Faith-based Prison Programs

Since 1997, the InnerChange Freedom Initiative (IFI) has brought Christian ministry programs to state correctional facilities. IFI is operated by Prison Fellowship Ministries (PFM), which was founded by Chuck Colson of Watergate cover-up fame. Five such facilities have offered these programs—-in Arkansas, Iowa, Kansas, Minnesota, Missouri, and Texas—-and all are now privately funded. All, except the one in Texas, were state-funded until Americans United for Separation of Church and State (AU) brought a lawsuit against the one in Iowa. Its operations were ruled unconstitutional by a federal appeals court in December, 2007. The case was seen as a major challenge to President George W. Bush’s faith-based initiative, which sought to provide government funds for sectarian social services. (To view AU’s archives on the Iowa case, go to their Web site and search on “InnerChange.”)

IFI programs consist of lengthy Bible study sessions during which participants are told that alcoholism is a “sin” (not a disease) and that homosexuality and masturbation will draw them back into criminal behavior. An InnerChange brochure describes the program as a “24-hour-a-day, Christ-centered, biblically-based program that promotes personal transformation of prisoners through the power of the Gospel.”* Inmates opting not to participate in the program—especially Roman Catholics and Native Americans—-have faced conversion pressures, such as being told they’re going to burn in Hell or that their own religious practices are forms of witchcraft and sorcery.*

A University of Pennsylvania study of the effectiveness of the program in one Texas correctional facility concluded that participants in the IFI had a higher likelihood of being rearrested than non-participants–36% vs. 35%. Reimprisonment was at 24% for IFI participants and 20% for non-participants.*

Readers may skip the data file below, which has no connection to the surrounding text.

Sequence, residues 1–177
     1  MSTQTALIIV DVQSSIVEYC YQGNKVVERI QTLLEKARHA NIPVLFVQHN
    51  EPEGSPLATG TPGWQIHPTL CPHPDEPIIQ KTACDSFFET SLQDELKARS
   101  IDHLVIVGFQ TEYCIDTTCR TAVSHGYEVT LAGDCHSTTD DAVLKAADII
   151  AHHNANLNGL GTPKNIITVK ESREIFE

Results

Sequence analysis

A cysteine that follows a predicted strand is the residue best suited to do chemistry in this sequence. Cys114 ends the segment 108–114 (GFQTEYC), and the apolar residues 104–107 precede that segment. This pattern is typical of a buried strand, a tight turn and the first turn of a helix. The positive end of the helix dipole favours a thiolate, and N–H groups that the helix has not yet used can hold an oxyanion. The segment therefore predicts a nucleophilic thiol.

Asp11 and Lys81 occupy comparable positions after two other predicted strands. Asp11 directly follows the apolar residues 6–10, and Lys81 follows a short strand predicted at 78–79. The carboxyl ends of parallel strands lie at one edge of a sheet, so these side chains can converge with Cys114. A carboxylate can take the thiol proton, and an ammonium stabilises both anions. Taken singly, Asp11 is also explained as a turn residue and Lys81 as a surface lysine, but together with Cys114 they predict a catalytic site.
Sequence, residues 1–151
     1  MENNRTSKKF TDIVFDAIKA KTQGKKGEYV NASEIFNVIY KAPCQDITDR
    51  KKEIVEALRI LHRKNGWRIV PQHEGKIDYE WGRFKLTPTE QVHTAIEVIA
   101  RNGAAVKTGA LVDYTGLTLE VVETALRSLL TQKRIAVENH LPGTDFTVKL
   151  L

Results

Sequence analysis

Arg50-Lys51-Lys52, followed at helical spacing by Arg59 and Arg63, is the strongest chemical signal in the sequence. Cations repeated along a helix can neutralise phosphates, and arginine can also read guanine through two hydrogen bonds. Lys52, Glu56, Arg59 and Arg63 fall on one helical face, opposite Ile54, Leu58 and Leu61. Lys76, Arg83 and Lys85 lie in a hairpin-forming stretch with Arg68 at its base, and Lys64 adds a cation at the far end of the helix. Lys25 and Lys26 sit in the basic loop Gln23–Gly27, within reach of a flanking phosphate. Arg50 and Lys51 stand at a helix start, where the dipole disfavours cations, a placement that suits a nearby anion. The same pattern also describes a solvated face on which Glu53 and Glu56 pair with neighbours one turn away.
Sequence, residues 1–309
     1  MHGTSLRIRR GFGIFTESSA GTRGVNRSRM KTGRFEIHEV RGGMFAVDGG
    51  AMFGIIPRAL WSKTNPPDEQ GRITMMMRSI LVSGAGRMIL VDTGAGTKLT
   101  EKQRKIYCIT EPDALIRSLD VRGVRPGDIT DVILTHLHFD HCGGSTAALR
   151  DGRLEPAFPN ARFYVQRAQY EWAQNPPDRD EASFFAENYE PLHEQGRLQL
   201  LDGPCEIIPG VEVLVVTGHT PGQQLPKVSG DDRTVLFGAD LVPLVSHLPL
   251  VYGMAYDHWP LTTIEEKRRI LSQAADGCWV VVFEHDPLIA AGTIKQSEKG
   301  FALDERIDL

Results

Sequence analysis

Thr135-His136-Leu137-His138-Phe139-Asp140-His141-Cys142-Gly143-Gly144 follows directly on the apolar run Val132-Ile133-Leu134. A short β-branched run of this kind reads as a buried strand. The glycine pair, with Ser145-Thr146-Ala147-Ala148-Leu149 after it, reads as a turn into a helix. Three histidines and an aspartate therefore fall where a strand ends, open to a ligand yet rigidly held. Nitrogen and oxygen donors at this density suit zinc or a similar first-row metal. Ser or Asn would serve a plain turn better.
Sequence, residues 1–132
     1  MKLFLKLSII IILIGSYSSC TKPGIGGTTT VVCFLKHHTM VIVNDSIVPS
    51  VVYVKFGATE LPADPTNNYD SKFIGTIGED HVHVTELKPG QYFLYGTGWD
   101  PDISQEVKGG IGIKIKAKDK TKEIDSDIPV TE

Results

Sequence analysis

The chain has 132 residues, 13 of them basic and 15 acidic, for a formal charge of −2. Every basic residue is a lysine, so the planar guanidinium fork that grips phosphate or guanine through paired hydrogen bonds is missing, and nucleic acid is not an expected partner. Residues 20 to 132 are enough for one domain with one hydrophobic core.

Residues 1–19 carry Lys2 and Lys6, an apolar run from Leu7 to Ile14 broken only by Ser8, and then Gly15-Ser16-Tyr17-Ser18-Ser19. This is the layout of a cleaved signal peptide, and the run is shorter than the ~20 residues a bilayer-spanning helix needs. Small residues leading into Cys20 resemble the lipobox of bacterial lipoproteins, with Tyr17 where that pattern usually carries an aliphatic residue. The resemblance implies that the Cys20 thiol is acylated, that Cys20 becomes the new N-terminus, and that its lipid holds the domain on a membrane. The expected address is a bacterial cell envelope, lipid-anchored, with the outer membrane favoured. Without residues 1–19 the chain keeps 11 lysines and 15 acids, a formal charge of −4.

The Iowa program was declared unconstitutional in part because it was discriminatory. A surcharge had been placed on telephone calls to and from all inmates to support a program that benefited only those who subscribed to the religious teachings of InnerChange. Families who objected to the surcharge were told they would no longer be allowed to contact relatives inside the prison if they stopped paying.

The lawsuit also alleged that InnerChange participants were given special privileges, the first of which was an opportunity to move into the most comfortable living unit in the state’s most desirable prison.* Once there, they were allowed keys to their own cells, access to private bathrooms, free telephone calls to family, extra visits from family, and access to computers and big-screen TVs. Even sweeter was the opportunity for participants to accrue treatment credits they needed for parole.

The program was also faulted for using state funds to pay for pervasively fundamentalist Christian instruction. Those funds were from the state’s tobacco litigation settlement, which had been earmarked in its entirety for public health. Americans United claimed that 99% of the Iowa program’s revenues in 2001 were from the states of Iowa and neighboring Kansas. The public funds were transferred to the parent organization, PFM, which then disbursed them for the program’s expenses.

Though these five InnerChange programs are still operational—and still offering perks to participants—they are no longer state-funded. Meanwhile, faith-based prison programs have proliferated across the U.S.* Florida operates three “faith and character-based institutions,” which are entirely dedicated to religious rehabilitation.

*Sources:
Freedom Forum
The New York Times
vlex
The Roundtable of Religion and Social Welfare Policy
Americans United for Separation of Church and State (search on “InnerChange”)

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